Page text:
And in all honesty, the only reason I would create a website, at least for now, is if you wanted to market your portfolios, such as graphic design, content creation, web design or anything that can help increase your chances of landing a job. Regardless, creating a website is always a good idea, but don’t stress about it too much in the beginning.
But, if you REALLY want a website right now and don’t have the skills to create one, that’s okay as Wix.com and even a free WordPress account can at least get you started for now. These platforms already did the dirty work for you so all you need to do is point, click, write and that’s about it.
But, again, if you don’t start the website right now, you can always do it in the future.
How to Find a VA Job
I plan on creating a “freelancing jobs” post in the future, noting some of the best freelancing websites online, but for now, consider some of the following freelancing websites to market your VA services and get started:
- FlexJobs (very reputable job bank that screens out at-home scams)
- Fiverr (also check out my 20+ Fiverr alternatives)
All of these websites work in different ways, but regardless, create a profile on all of the ones you can to increase your exposure as well as to apply for jobs when one pops up.
Keep in mind some may charge you a fee to start bidding on jobs, whereas Craigslist, for example, allows you to search jobs and apply as you normally would with a 9-5 job. Fiverr, on the other hand, will take a percentage for every sale.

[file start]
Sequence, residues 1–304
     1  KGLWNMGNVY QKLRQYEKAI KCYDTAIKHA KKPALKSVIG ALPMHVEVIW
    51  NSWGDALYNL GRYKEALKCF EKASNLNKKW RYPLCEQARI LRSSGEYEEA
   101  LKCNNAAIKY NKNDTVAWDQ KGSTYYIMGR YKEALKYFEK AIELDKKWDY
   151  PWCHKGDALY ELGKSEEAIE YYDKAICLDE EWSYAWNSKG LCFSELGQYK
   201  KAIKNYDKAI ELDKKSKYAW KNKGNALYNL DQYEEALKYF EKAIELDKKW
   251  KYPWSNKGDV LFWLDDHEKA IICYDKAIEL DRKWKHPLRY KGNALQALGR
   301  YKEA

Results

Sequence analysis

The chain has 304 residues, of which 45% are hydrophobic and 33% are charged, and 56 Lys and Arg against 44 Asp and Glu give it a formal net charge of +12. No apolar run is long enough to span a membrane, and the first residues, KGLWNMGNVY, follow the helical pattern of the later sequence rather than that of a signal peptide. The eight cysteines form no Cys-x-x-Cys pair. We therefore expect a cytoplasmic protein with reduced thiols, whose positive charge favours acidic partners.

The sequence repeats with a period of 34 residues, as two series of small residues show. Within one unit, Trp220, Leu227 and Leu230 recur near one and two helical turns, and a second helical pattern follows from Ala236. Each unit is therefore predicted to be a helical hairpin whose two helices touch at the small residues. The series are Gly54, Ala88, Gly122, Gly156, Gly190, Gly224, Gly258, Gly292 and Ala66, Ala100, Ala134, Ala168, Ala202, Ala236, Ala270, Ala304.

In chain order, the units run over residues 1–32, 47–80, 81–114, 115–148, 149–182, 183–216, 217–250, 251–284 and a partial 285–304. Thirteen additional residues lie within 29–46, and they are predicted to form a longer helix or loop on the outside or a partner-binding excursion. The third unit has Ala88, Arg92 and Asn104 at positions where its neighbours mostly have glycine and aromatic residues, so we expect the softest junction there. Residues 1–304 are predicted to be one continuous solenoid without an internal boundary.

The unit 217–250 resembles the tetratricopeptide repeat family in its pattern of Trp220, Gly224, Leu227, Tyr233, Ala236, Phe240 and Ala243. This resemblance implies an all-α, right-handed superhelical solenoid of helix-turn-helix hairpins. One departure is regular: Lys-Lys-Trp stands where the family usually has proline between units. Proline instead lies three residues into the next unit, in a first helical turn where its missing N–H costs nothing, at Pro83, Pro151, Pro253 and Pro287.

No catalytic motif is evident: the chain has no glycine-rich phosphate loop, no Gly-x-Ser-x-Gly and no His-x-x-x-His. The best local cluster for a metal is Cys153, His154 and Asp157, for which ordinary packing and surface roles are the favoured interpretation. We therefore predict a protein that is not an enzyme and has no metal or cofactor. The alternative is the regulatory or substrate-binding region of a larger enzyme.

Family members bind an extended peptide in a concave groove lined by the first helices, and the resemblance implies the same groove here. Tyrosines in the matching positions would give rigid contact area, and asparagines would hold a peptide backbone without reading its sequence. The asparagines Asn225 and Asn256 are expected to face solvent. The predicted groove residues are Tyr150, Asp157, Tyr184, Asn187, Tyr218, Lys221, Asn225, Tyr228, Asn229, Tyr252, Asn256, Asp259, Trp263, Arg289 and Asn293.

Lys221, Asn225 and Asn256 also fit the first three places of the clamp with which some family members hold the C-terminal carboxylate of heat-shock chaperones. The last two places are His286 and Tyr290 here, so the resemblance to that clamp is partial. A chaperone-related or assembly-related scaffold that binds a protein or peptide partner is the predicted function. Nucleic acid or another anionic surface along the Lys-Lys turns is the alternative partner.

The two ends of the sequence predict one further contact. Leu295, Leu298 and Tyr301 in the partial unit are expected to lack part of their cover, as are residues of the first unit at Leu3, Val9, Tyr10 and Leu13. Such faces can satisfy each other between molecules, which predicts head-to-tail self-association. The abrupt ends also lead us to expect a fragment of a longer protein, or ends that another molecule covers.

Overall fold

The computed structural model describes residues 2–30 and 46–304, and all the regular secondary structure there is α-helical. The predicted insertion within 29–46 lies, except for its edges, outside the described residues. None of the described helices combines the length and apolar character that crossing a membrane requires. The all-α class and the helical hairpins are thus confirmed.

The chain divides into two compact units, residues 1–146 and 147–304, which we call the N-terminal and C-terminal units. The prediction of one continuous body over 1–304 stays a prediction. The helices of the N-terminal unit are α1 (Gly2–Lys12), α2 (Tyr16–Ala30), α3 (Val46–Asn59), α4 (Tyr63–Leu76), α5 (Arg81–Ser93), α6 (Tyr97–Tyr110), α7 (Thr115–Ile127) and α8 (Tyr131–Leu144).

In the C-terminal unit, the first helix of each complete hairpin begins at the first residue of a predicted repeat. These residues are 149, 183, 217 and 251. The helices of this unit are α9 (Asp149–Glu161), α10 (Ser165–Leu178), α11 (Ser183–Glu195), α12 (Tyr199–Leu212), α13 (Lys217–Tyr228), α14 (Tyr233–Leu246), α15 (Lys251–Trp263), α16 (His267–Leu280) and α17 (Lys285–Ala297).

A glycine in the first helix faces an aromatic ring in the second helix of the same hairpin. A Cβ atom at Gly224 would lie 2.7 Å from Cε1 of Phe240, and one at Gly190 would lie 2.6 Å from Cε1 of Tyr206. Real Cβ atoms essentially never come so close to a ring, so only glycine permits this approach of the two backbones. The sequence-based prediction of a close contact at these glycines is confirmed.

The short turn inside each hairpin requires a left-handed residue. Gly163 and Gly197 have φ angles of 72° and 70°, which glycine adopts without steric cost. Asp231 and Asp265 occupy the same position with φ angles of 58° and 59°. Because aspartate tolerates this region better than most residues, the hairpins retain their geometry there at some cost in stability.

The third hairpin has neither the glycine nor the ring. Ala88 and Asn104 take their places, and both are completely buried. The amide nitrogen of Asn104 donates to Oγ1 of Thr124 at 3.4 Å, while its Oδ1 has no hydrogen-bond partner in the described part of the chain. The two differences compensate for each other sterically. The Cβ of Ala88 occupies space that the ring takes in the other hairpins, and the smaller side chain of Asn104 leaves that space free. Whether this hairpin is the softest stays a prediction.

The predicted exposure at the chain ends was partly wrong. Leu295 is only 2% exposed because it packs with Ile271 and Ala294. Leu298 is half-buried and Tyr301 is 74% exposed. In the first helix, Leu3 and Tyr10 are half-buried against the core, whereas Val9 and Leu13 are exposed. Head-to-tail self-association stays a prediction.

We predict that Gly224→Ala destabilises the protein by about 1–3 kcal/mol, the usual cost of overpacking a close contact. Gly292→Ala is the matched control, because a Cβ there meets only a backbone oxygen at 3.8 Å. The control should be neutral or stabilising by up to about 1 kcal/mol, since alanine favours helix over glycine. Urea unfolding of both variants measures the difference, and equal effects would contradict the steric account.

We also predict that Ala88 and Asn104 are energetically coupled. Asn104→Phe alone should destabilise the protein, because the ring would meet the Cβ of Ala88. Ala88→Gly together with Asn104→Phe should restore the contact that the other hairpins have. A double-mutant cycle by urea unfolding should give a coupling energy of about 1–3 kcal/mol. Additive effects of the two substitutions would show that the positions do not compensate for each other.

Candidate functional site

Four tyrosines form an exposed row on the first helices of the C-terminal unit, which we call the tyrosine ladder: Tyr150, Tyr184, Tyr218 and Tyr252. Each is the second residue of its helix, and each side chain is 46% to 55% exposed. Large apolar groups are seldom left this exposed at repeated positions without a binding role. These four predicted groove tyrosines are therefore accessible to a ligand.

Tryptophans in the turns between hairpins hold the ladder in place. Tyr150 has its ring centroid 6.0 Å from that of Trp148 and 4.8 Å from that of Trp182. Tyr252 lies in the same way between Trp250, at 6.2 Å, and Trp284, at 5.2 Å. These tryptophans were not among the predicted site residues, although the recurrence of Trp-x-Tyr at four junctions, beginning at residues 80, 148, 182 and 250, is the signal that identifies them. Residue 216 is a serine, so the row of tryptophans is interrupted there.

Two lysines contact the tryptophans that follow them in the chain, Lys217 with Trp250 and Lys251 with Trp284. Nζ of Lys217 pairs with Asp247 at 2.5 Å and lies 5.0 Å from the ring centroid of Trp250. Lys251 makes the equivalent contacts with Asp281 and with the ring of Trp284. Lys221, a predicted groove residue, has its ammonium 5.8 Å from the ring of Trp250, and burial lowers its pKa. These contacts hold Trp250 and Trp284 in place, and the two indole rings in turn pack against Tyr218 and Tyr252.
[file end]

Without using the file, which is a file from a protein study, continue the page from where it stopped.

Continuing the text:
From Facebook groups to even letting the world know you’re available, don’t underestimate the power of social media.
In my opinion, however, the best way to find a job in the social media world is by searching for certain Facebook groups.
And to find these groups, here’s what you can do…
First, use your search tool and consider keywords such as “virtual assistant” or “virtual assistant jobs.”
From there, pick out a group that has a decent amount of members with at least 10+ a week. There’s no reason to join a stale group with no action.
Also, if you purchase the Bootstrap VA on Amazon, for instance, you can gain access to one of the best VA groups on Facebook, making it a great opportunity to network with like-minded people who also purchased the book as well.
And as long as you come off as a helpful person, you can potentially learn about people, as well as organizations, looking for a certain somebody or get word on a future hiring spree. Join these marketing channels, but don’t start spamming your skills. This isn’t what the group is designed for.
Aside from people who may be hiring, it’s also a great way to learn about ways to promote yourself, where to look for work and so much more.
Reach Out to Specific Companies (virtual assistant websites)
There are actually a lot of virtual assistant companies out there that you may want to consider applying to if you either want to expand your horizons or want the company to find the clients for you.